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I purchased 1000 shares of ACB stock a little over a year ago. I have now learned I have only 83 shares of stock. How can the company take away over 900 shares of my stock?

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    You should see a cash payment for the 1/3 of a share that was leftover after the 12:1 reverse split. – Hart CO Dec 2 '20 at 15:00
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    Addressing your other question: The reduction in value is due to the steady decline of ACB share price over time, that's what prompted the reverse split in the first place. At the point in time when the reverse split occurred there was no net impact, but leading up to the reverse split ACB had declined in price greatly. Look at a chart and you'll see that at the point in time you purchased shares the chart now shows 12x the price you paid as it has been adjusted for the reverse split. – Hart CO Dec 2 '20 at 15:54
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    @JBGreen it's actually 1/3 of a post-split share. – Hart CO Dec 2 '20 at 19:40
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    @hartco Oops. Of course it is. Make that $3.52, then. – JBGreen Dec 2 '20 at 20:27
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    Important to note: While a reverse split reduces your number of shares, it doesn't reduce your share of the company (the percentage). – jpaugh Dec 3 '20 at 18:18
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Sometimes companies need to reduce the total number of outstanding shares. To do that, they do a reverse split. For example, after a 10:1 reverse split, your 1000 shares would become 100. That sounds like something went away, but if that's what happened, everyone has 1/10 as many shares as they had before the split. The result is a wash: you have 1/10 as many shares, but they're worth 10 times as much.

EDIT: as D Stanley points out in a (now deleted) comment, this is exactly what happened: your company did a 12:1 reverse split, so your 1000 shares became 83 shares, with a bit left over, which ordinarily would have been paid to your account in cash.

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    from your follow-up question that is flagged for deletion: "the value of my stock is only $883.00 because I now have only 83 shares of stock" if your stock was worth $10.63 per share after the split (883/83), then is was worth 0.8865 (10.63/12) before the split. A split does not directly affect your overall value. – D Stanley Dec 2 '20 at 15:58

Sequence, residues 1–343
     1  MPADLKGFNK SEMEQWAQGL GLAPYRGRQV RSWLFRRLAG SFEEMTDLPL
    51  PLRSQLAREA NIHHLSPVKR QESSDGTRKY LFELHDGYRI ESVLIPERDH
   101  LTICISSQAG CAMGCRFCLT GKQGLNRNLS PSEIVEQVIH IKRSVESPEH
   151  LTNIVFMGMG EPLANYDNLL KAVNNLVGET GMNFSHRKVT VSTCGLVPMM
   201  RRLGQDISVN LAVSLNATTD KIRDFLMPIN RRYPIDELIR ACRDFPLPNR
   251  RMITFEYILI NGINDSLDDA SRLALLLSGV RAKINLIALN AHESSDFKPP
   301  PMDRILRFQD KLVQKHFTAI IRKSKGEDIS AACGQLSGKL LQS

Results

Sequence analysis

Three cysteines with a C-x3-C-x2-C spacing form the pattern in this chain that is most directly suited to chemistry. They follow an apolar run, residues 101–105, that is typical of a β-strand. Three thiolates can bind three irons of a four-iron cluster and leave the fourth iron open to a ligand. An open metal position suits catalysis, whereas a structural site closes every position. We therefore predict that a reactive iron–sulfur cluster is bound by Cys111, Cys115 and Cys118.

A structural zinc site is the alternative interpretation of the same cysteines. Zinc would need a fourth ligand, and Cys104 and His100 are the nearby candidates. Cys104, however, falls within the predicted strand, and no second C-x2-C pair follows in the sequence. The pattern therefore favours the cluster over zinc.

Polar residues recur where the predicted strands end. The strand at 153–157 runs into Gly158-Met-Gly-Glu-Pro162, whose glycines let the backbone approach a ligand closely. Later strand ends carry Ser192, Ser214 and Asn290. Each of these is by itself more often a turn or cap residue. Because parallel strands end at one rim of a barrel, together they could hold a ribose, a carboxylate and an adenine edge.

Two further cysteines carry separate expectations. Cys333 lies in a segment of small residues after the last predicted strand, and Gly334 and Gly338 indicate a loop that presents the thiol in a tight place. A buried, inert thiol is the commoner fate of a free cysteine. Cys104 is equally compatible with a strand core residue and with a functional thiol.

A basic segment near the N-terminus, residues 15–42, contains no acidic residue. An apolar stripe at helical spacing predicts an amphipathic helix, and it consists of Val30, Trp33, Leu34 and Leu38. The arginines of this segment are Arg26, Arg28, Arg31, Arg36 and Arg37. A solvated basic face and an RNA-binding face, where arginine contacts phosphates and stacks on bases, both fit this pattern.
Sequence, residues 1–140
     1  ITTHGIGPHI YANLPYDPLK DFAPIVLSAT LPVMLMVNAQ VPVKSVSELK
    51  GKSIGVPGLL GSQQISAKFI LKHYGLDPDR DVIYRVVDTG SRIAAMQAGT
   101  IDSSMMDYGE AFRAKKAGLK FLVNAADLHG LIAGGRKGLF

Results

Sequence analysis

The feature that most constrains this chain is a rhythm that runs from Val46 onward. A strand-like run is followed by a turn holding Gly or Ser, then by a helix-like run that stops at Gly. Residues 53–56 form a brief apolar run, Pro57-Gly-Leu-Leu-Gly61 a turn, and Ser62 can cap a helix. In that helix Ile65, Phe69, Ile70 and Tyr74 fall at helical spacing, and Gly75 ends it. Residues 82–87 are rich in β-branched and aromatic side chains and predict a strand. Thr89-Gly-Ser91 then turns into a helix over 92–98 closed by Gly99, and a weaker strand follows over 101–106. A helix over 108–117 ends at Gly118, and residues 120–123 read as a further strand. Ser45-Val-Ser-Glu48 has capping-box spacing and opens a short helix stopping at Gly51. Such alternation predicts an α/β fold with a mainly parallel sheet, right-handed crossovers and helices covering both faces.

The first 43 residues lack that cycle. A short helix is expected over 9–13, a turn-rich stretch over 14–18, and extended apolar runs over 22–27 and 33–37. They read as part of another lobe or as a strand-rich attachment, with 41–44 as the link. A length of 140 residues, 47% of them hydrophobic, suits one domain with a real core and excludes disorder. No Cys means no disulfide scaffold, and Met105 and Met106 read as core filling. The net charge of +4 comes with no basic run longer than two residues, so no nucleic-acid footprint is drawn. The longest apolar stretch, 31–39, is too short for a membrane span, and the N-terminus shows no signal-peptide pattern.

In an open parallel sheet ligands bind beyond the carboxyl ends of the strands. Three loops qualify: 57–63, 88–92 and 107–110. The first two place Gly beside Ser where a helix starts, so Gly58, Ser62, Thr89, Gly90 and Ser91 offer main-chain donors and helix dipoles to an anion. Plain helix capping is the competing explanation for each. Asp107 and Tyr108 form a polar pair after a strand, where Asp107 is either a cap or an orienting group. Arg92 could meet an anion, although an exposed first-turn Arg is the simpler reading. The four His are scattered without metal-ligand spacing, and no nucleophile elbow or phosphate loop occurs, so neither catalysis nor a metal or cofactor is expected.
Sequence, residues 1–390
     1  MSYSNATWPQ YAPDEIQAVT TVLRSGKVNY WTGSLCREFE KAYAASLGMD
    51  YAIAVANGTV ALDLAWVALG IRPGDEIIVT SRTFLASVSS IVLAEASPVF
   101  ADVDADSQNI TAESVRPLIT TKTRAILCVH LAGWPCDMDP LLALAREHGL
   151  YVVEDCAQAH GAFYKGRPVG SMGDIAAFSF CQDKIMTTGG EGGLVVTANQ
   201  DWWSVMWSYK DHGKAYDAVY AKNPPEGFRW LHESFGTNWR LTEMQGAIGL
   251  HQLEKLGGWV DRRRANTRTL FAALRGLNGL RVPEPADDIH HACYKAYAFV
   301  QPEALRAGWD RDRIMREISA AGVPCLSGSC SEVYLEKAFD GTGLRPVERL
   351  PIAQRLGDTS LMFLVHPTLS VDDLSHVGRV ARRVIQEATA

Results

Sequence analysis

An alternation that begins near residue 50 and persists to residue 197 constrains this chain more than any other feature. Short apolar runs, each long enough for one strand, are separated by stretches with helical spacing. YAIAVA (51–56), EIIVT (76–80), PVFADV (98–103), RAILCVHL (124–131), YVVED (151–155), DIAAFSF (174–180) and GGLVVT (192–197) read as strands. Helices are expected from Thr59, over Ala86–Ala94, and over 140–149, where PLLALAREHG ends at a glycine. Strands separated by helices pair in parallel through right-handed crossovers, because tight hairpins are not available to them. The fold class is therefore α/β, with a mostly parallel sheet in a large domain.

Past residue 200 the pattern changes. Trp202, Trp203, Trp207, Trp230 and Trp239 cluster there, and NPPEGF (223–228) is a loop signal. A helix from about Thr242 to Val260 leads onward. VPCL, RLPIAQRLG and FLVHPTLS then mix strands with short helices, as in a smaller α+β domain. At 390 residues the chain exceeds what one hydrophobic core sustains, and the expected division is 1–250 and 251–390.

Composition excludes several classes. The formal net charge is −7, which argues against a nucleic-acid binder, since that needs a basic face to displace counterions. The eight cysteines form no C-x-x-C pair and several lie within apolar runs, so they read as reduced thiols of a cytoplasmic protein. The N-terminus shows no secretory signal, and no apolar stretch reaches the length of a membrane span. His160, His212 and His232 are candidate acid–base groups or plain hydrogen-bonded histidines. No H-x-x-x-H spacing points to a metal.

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    Adding to D Stanley's comment, the reason for your loss is that share price has declined from your purchase price of $6.62 per share to approximately 88 cents per share. That's the reason for your loss not the reverse split. – Bob Baerker Dec 2 '20 at 16:15
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    Important to note that a price of 88 cents per share represents a major problem for a company, as they would be delisted from major exchanges. – Ben Voigt Dec 2 '20 at 17:04
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    Important to note that a price of 88 cents per share represents a major problem for a company, as they would be delisted from major exchanges - hence the need for the reverse split – Bob Baerker Dec 3 '20 at 11:01
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On April 13, 2020, Aurora Cannabis announced its intention to consolidate its shares on a 12 to 1 basis. Share consolidations are also known as reverse stock splits or reverse splits. Aurora Cannabis Provides Update on Initiatives to Strengthen Liquidity, Business Transformation Plan and COVID-19 Operational Response:

Aurora today announced that its Board of Directors has approved, subject to required regulatory and stock exchange approvals, a plan to consolidate all of its outstanding Common Shares on the basis of 1 Common Share for every 12 Common Shares currently outstanding (the "Consolidation"), with such Consolidation to be effective on or about May 11, 2020. [...]

On May 9, 2020, Aurora published another press release confirming the share consolidation. Aurora Cannabis Confirms Share Consolidation Effective Date:

EDMONTON, May 8, 2020 /CNW/ - Aurora Cannabis Inc. (the "Company" or "Aurora") (NYSE | TSX: ACB), the Canadian company defining the future of cannabis worldwide, confirms today that it has received all necessary approvals for its previously announced consolidation of the common shares (the "Common Shares") of the Company on a 12 to 1 basis (the "Consolidation") and confirms that the Consolidation will be effective on May 11, 2020 (the "Effective Date"). [...]

I would like to suggest that you keep track of the press releases of the companies you own. You can do this by signing up to the investor mailing list, by subscribing to an RSS feed, or by periodically checking the investor relations website.


I purchased 1000 shares of ACB stock a little over a year ago. I have now learned I have only 83 shares of stock. How can the company take away over 900 shares of my stock?

You now have 83 shares as a result of having every 12 shares consolidated into one share (1000 / 12 = 83 13). The remaining 13 shares were converted into cash during the share consolidation.

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